“In Lieu of Closure” is a very timely story, addressing the emergence and prevalence of conspiracy theories in our society, and the faults of our justice system. Can you speak a little about how this story came about, and the choices you made in telling it?
This was one of those rare stories that felt like it wrote itself. The idea came to me at around midnight when I was trying to sleep. It kept nagging me, keeping me awake, and I soon realized that I wouldn’t be able to sleep until I wrote it. I’d recently read Don DeLillo’s Libra, so I had JFK conspiracies on my mind. I’d been thinking a lot about the mental processes that lead to conspiratorial thinking, and that’s when I considered it as a possible response to trauma. I made the protagonist a fourteen-year-old boy, because I felt telling this story through the eyes of an adult character would come across as preachy. Kids tend not to have agendas—they just respond to what’s in front of them, often in strange and unpredictable ways.
You tackle the questions of what is true, what is not, how we tell the difference, and why it matters. We read of Lawrence that “[h]e was determined to get to the bottom of it—to discover the real truth, whatever that was. There was a bit of truth to all of it, though—that was the problem.” What do you see as the possibilities and/or obstacles to discovering truth?
I think one of the biggest obstacles to finding truth in our modern American society is increasing political polarization, which leads to bias. News sources, where we’re supposed to get factual, unbiased information, are frequently slanted or outright fallacious in their reporting. It’s easy to see how this gives rise to conspiratorial thinking—people figure that because the official narratives can’t all be true, they must all be false. I’m not sure a discovery of “absolute truth” is ever really possible, because events and experiences are always being filtered through our skewed and unreliable human minds. That’s one reason I’m so interested in metafiction and postmodern literature—I like the way these genres draw attention to the idea that a story is always being told by someone—that reality doesn’t have some objective, infallible, invisible narrator. In my own life, I seek truth (or as close an approximation of it I can reach) by reading as widely and voraciously as possible. I rarely come across a text that doesn’t have something insightful to say—something that rings “true.”
The wording of the title does not show up in the story itself, but presumably closure is what Lawrence is reaching for. What is your feeling about closure? Is it necessary? Is it possible?
My use of the word “closure” in the title is twofold. It refers to Lawrence’s search for closure in the wake of his father’s death, as you mentioned, but it’s also a reference to the pro-capital punishment argument that the death penalty provides “closure” to the families of victims. I wanted to put a spin on that notion by dramatizing the lack of closure felt by the loved ones of executed convicts—a feeling of uncertainty that is complicated by the fallibility of the justice system, which still suffers from racial and class biases. Capital punishment is a definite solution to an indefinite problem.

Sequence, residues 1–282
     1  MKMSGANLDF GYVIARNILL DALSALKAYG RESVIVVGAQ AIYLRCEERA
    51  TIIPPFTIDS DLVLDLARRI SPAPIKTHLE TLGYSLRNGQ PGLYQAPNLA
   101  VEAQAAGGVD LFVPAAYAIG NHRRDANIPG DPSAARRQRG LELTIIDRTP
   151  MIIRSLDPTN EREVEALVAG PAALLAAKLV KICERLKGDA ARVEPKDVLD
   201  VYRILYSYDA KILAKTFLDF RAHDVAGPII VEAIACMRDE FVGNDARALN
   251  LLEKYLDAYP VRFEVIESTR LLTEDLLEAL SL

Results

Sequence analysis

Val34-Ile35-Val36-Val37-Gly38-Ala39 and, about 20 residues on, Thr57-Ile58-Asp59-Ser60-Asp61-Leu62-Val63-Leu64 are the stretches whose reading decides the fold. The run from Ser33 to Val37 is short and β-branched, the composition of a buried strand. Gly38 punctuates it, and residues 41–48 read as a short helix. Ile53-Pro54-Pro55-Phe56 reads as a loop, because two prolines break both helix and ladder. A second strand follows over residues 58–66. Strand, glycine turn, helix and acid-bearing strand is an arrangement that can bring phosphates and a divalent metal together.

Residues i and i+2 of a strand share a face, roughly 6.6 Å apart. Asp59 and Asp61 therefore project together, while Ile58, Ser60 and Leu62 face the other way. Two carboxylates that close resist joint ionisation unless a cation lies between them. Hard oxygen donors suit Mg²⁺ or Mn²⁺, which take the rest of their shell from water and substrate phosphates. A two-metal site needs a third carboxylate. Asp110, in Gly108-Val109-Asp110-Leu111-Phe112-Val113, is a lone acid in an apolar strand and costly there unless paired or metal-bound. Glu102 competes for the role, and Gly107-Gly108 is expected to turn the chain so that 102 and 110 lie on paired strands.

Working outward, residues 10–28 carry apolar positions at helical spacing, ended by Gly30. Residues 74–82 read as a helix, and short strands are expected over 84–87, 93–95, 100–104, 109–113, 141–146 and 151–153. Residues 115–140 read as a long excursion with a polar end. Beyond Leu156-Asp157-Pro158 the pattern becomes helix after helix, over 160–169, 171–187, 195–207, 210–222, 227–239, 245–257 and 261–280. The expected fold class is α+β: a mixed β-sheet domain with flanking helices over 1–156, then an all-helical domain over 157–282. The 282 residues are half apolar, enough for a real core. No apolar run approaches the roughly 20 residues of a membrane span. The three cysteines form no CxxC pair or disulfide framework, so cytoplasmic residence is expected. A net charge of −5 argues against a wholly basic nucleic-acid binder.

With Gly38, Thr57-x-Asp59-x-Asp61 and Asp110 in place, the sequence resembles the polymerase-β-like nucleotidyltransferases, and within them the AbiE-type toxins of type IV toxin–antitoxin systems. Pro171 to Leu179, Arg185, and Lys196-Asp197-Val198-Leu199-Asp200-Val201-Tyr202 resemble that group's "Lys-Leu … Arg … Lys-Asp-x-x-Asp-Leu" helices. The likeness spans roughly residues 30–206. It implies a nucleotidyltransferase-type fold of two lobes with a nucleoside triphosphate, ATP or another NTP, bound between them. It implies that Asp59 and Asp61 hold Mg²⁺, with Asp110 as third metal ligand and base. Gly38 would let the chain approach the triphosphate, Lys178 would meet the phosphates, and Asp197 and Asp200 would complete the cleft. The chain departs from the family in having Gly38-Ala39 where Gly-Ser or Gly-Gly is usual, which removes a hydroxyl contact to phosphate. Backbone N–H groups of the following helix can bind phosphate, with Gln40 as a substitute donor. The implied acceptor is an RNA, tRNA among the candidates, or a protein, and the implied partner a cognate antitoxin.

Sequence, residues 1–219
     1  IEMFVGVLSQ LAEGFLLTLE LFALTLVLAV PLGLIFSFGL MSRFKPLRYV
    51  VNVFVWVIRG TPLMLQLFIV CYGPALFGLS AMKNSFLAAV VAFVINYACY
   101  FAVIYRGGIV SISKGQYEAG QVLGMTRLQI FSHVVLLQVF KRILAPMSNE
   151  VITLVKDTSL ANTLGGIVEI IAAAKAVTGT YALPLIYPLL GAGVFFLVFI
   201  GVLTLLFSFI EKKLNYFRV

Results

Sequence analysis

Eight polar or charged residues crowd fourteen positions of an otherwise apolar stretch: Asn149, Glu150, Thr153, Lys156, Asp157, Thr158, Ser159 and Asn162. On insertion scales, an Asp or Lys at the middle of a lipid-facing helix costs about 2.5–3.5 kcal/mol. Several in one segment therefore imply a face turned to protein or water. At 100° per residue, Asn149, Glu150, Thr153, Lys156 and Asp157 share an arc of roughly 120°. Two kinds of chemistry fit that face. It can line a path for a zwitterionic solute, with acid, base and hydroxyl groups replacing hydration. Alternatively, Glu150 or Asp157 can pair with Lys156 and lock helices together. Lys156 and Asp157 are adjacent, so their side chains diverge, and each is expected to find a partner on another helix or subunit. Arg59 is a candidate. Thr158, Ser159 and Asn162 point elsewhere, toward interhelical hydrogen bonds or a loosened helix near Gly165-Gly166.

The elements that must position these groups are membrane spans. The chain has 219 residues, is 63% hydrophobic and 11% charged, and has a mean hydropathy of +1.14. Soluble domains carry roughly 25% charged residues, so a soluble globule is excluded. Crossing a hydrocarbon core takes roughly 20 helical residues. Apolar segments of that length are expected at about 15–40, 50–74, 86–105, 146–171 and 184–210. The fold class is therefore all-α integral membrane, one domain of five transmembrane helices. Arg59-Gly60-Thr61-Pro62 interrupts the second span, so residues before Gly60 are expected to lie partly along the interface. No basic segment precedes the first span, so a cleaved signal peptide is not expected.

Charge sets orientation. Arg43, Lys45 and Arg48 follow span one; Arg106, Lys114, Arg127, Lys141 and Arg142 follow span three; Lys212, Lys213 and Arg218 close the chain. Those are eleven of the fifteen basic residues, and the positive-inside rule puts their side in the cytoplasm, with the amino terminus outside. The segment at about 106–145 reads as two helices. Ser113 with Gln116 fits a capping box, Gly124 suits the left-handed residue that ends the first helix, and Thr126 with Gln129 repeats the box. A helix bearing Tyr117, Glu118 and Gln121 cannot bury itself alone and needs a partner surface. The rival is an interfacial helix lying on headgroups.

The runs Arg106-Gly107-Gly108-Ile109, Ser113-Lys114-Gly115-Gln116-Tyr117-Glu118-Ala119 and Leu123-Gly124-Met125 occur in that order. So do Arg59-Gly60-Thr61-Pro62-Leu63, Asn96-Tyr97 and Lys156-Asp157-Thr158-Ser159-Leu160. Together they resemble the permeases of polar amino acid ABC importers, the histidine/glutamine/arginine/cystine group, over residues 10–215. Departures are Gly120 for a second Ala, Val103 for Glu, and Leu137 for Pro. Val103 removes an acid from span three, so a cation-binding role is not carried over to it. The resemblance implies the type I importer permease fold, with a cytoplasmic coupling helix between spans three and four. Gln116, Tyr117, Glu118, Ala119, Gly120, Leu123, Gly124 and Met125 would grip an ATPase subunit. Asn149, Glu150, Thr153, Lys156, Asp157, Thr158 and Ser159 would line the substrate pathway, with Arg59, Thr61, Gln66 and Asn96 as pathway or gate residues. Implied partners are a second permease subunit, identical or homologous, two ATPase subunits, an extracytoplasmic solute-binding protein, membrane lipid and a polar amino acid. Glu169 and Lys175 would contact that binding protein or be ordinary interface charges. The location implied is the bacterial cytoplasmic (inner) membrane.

The OED defines closure as “a feeling that an emotional or traumatic experience has been resolved.” In that sense, I’m not sure it’s ever truly possible. Time helps alleviate grief, but it doesn’t provide a “resolution,” especially when the traumatic event in question is something as permanent as death.
A lot of the story describes Lawrence’s experience in school, and the ways he is different from his Nebraska schoolmates: new kid in school, biracial, son of a man who was executed. Did you ever feel “different” in school?
Feeling different has always defined my school experiences. I moved around a lot growing up, and by the age of 12, I’d already lived in four different places on three different continents. When we finally did settle down, it was in a religious, conservative small town, and I’m neither of those things, and growing up, I was ridiculed for my social awkwardness and my gender nonconformity. Like Lawrence, I tried to preemptively define myself by whatever passion I was currently embroiled in. In elementary school, it was Star Wars and chess. In middle school, it was Rubik’s Cubes—people used to bring me their years-old, mixed-up cubes and I’d solve them all before class (which may be another type of closure-seeking behavior, now that I think of it. Is it the lack of closure that makes people feel so annoyed by an unsolved Rubik’s cube that’s been sitting on their desk since 2004?). In high school, it was music—specifically the Beatles, and then later Pink Floyd and Radiohead (though I’ve since expanded my tastes beyond the turn of the twenty-first century).
What (if any) conspiracy theory do you suspect may be true?
There’s one very niche one about the oldest woman of all time, a French lady named Jeanne Calment. She apparently lived to whopping 122 years old. According to official records, her daughter Yvonne died in the 1930s, but conspiracy theorists believe that it was actually Jeanne who died in the 30s and that Yvonne assumed her identity to avoid the exorbitant French inheritance tax. This would still make Yvonne very old when she eventually died—nearly 100—but nowhere near the oldest person to have ever lived. There are photos from around the time Yvonne allegedly died that have been labeled as being Yvonne in some textbooks and Jeanne in others, and people have done facial analyses of the old “Jeanne” and found more similarities to the young Yvonne than the young Jeanne. I’m not sure I wholeheartedly believe in this theory, but I certainly find it compelling.